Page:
I am a little confused about the definition of liner separability in the context of principle component analysis on gene expression data. I would really appreciate clarification and hope that someone can provide it. I apologise if this is the wrong forum in which to do so.
So i am fully aware about the definition of linear and non-linear relationships, what they mean in the context of the correlations they capture, but I think the 'real world' example of what is actually happening is confusing me.
I am aware that PCA can only capture linear separability in RNA-seq. My confusion is as follows:
I have a PCA of RNA-seq data that reduces dimensionality for multiple organs and also across ages. While I am aware that I am looking at transcriptional variation here, can someone explain where the linear separation comes in? is this between samples as in organs and or ages?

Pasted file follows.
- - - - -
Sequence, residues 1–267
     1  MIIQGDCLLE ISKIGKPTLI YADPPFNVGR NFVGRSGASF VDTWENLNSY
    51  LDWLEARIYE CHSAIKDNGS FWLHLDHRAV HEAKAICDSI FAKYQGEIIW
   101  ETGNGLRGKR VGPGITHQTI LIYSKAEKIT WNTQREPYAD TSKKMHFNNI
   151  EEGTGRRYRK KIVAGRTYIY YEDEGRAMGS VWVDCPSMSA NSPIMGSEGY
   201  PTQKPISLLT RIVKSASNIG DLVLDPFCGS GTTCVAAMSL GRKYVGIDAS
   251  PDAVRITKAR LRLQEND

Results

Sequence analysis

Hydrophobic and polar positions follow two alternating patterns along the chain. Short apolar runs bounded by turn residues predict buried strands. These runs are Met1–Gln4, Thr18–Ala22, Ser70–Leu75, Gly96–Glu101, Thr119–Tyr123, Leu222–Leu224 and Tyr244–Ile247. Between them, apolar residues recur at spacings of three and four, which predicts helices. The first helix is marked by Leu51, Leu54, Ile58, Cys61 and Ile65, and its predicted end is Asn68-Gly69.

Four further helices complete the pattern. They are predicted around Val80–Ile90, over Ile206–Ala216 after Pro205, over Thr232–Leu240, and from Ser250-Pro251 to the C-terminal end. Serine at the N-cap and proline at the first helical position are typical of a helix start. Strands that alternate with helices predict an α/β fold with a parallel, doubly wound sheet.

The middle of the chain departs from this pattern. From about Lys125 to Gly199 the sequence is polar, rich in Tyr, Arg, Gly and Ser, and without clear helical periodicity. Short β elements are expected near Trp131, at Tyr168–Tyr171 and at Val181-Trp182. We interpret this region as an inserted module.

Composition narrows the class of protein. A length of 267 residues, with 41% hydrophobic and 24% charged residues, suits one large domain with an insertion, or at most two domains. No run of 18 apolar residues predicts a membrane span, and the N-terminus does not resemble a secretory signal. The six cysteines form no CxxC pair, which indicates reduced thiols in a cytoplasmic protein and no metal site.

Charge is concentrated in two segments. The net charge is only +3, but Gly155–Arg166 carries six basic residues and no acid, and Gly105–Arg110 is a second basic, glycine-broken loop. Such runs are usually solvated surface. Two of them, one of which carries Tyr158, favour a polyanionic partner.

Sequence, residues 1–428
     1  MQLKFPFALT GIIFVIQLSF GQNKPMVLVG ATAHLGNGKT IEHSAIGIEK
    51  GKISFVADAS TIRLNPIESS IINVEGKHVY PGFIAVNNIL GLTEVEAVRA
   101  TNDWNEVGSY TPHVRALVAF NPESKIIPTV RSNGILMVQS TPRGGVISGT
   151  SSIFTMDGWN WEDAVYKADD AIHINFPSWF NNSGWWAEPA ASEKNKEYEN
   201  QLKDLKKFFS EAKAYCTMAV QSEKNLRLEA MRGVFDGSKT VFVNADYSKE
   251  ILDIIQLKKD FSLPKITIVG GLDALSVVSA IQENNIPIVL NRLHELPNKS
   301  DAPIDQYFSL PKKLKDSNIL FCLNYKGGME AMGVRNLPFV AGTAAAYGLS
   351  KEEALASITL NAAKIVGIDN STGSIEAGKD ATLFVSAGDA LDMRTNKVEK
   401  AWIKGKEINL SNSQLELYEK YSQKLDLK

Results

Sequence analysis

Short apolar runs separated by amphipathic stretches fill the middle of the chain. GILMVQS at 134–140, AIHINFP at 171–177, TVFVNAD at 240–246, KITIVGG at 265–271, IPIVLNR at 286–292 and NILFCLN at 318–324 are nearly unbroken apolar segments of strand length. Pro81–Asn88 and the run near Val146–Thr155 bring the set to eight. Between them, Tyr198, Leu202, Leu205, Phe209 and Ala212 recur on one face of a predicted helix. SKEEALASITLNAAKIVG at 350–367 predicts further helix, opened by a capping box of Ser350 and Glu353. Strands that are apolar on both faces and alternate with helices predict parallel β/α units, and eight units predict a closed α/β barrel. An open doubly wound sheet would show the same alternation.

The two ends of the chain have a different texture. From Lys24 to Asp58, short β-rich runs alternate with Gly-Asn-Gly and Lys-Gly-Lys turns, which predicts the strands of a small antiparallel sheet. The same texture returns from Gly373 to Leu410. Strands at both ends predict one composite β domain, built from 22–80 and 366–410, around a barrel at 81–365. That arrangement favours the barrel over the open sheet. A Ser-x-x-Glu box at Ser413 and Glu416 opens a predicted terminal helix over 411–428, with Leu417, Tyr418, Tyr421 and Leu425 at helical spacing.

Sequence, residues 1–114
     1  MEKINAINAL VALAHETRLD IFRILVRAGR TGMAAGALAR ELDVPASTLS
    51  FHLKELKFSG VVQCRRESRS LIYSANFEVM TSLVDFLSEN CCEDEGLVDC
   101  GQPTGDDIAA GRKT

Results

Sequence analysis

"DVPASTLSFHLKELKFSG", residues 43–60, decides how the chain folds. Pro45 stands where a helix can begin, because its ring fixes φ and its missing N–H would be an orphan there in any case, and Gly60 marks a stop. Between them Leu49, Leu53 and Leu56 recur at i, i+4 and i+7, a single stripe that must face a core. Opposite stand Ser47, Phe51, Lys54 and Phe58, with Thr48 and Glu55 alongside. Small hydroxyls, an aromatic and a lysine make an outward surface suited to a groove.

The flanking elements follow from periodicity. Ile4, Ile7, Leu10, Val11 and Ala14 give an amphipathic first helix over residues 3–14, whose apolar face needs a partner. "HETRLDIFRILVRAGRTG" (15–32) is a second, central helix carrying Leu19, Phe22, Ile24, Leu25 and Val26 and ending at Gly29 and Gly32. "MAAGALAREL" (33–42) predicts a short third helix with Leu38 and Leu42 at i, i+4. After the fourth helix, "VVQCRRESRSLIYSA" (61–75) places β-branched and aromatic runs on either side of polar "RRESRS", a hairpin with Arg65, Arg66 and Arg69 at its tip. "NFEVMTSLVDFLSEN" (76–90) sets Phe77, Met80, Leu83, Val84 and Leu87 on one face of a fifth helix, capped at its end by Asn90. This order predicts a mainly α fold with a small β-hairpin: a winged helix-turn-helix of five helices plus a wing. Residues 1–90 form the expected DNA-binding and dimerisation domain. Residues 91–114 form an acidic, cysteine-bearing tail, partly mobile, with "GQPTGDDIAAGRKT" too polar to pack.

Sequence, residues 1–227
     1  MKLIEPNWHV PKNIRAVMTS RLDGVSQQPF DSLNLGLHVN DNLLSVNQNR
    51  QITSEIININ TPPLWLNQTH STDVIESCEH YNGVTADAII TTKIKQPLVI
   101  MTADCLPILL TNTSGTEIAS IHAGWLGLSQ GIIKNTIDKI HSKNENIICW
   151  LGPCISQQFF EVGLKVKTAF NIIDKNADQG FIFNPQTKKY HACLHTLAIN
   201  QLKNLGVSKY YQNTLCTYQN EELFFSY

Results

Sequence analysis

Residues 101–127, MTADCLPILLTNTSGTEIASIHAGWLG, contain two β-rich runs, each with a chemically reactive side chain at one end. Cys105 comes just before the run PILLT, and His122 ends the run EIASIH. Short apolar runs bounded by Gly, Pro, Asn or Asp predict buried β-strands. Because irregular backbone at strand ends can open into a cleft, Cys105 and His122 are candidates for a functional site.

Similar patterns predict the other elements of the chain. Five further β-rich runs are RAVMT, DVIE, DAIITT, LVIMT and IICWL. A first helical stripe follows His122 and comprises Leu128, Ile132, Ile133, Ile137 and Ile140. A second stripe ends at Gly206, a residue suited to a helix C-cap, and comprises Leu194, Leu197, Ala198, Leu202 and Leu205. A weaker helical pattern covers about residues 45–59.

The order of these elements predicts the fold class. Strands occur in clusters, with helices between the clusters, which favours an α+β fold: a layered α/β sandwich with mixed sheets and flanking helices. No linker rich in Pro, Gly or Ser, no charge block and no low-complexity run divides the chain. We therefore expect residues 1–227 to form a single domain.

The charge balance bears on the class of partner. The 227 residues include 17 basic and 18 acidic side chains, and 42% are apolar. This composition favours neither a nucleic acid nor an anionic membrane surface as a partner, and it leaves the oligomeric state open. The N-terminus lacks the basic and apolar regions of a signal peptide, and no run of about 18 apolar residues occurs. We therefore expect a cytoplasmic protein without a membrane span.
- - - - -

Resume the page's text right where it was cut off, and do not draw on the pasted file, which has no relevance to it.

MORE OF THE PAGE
How does the linear separability manifest in the context of gene expression between one organ and another? is this when the change in expression between genes in different organs is not 'dependent' on the change of others?
Thank you in advance!
It's purely mathematics. Do not try to understand it through biological meanings.
PCA and linear separability are two different things. PCA is a linear transformation algorithm, which can be used for dimension reduction. Linear separability is just a property of two sets of vectors (or you can think as points), which means these two set of vectors could be separate by a hyperplane in their high-dimension spaces.